Discuss Mistress Hibbins, Governor Bellingham, and Mr. Wilson of "The Scarlet Letter."Minor in terms of the amount of space devoted to them, but each plays a crucial role. Discuss the role of each...
Discuss Mistress Hibbins, Governor Bellingham, and Mr. Wilson of "The Scarlet Letter."
Minor in terms of the amount of space devoted to them, but each plays a crucial role. Discuss the role of each of these characters relative to the overall plot.
Based upon historical figures, Governor Bellingham is representative of the real Richard Bellingham who came to America in 1634 and was governor of the English colony in 1641, 1654, and 1655; while Mistress Higgins, who represents Anne Hibbins, was executed as a witch in 1656; John Wilson was a minister in 1630, who was a strong figure of Puritan authority and intolerance. These characters who appear throughout Hawthorne's "The Scarlet Letter" lend more verisimilitude to the narrative in their Puritan pervasiveness. In addition, as a character Bellingham demonstrates in Chapter II that "religion and law were almost identical" as he insists that Pearl be taken from Hester since she has committed adultery. Yet, there is a duality to his character as he also exhibits hypocrisy, for his mansion and gardens are not of the simplicity and greyness demanded by Puritanism. His sister, Mistress Hibbins, is herself a witch. She too represents a real person: Anne Hibbins, who was burned as a witch in 1656. Somewhat comical in nature in Hawthorne's novel as she cackles and watches from windows, she tempts Hester and Dimmesdale to sign the Black Man's book in the forest and attend the black mass, Hibbins's real-life persona reminds the reader of the "grim power of Puritan regulation" and its accompanying paranoia. In Chapter XXII, for instance, Mistress Hibbins reappears,
dressed in great magnificence, with a triple ruff, a broidered stomacher, a gown of rich velvet, and a gold-headed cane.
The crowd gives way to her, seeming to fear the "touch of her garment" as she stands in juxtaposition to the "holy man," the Reverend Dimmesdale. This scene also serves to highlight the hypocrisy of Dimmesdale and Hibbins both.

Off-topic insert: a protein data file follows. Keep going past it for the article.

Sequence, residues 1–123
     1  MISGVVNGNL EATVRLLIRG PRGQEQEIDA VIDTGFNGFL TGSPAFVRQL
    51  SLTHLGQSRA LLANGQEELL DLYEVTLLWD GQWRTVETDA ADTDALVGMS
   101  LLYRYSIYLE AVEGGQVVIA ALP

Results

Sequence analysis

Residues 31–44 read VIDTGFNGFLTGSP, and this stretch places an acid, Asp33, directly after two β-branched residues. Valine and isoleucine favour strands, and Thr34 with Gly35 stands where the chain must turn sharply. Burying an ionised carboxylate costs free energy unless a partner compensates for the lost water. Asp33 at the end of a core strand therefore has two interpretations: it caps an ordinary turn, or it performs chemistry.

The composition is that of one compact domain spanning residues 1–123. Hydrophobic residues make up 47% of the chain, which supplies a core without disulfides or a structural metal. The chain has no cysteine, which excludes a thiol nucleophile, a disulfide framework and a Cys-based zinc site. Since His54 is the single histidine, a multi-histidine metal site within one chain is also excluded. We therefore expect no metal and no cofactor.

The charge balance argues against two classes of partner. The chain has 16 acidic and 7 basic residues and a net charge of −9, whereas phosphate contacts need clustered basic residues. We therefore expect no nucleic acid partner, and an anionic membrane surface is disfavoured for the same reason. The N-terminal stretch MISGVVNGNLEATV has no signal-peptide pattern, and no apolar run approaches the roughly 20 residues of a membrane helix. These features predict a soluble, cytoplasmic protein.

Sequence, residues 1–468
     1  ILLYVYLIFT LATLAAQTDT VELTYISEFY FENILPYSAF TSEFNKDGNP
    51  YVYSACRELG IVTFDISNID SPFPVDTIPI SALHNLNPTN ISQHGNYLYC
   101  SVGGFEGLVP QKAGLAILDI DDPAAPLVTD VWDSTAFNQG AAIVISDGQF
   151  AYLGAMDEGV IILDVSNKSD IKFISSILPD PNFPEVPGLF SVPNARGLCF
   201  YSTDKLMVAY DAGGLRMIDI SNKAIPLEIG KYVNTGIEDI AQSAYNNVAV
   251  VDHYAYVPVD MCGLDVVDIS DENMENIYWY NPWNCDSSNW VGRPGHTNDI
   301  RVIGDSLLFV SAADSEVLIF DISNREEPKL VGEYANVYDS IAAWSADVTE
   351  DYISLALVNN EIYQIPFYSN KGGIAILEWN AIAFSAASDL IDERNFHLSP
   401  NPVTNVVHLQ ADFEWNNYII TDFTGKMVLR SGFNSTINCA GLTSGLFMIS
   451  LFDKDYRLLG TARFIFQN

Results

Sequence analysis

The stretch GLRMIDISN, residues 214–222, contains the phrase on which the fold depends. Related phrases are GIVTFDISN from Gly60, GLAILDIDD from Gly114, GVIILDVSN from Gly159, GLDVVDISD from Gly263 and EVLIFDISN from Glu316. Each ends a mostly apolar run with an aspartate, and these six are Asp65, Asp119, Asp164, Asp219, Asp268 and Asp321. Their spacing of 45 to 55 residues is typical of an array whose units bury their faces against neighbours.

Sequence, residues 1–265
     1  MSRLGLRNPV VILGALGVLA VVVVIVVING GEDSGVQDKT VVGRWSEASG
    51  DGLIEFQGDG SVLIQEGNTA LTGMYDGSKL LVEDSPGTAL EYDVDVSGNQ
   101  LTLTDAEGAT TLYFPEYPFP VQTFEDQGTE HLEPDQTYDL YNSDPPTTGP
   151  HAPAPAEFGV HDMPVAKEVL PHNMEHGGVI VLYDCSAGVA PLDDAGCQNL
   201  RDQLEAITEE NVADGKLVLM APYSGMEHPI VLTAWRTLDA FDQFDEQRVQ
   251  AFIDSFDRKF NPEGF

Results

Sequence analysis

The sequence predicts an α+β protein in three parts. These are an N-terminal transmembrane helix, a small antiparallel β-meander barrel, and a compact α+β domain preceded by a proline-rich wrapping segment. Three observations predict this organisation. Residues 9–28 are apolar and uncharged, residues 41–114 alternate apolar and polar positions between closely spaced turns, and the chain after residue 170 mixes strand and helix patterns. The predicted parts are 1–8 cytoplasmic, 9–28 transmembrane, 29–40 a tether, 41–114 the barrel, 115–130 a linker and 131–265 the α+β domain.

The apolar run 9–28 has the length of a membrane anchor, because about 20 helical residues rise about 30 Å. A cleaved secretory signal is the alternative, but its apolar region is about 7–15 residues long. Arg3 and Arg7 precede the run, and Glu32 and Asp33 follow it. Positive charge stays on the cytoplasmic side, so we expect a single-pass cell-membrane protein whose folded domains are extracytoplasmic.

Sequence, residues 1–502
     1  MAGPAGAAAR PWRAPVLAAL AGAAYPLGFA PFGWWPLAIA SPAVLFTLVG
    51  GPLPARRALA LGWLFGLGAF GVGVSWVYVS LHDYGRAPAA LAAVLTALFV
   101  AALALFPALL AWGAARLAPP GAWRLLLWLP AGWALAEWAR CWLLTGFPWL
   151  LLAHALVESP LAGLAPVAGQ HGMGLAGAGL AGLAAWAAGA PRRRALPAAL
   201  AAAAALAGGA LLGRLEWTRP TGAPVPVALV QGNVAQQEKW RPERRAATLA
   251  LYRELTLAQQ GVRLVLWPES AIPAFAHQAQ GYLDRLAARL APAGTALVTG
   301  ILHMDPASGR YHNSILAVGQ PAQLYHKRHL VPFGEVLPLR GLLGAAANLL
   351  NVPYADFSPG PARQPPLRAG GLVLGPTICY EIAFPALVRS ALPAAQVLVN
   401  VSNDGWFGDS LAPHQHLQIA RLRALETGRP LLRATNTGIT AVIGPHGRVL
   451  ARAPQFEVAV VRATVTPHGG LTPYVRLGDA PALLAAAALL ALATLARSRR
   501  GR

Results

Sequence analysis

Like Mistress Hibbins, the Rev. Mr. Wilson appears in various scenes as a reminder of the grim sternness of Puritanism. In Chapter III he coldly demands that Hester reveal her partner in sin as she stands in ignominy on the scaffold. Then, he prods Dimmesdale into interrogating her. When Hester brings Pearl to the governor's mansion, Mr. Wilson is present and delights in the sight of Pearl, comparing her "scarlet plumage" to the painted birds of windows in cathedrals in "merry old England." However, he stops himself in hypocrisy, remembering his office: "But that was in the old land." Seriously, he begins to interrogate Pearl on her catechism. When he asks her, "Canst thou tell me, my child, who made thee?" Pearl responds that she was not made at all, but was plucked from the wild rose bush that grows beside the prison door. Appalled at this answer, Mr. Wilson does, nevertheless, defend the sanctity of motherhood and the hand of God that gives Hester the child as a reminder of her sin. Later, in Chapter XII, he walks past the Reverend Dimmesdale who holds his vigil on the scaffold. Dimmesdale feels tremendous anxiety as the "venerable minister" passes him.
Again, in Chapter XXIII Mr. Wilson and Governor Bellingham are present as Dimmesdale passes, "tottering on his path." When Mr. Wilson offers him an arm, "the minister tremulously, but decidedly, repelled the old man's arm," a gesture that is, indeed, symbolic of his rejection of the hypocrisy of Puritanism. Even the governor moves forward to assist Dimmesdale, but is repelled by the minister's look. Once on the scaffold, Dimmesdale escapes Chillingworth, who cries out. Mr. Wilson declares, "Thou,too, hast sinned," serving again as a reminder of Puritan judgment as does Governor Bellingham Puritan law, and Mistress Hibbins, Puritan hypocrisy.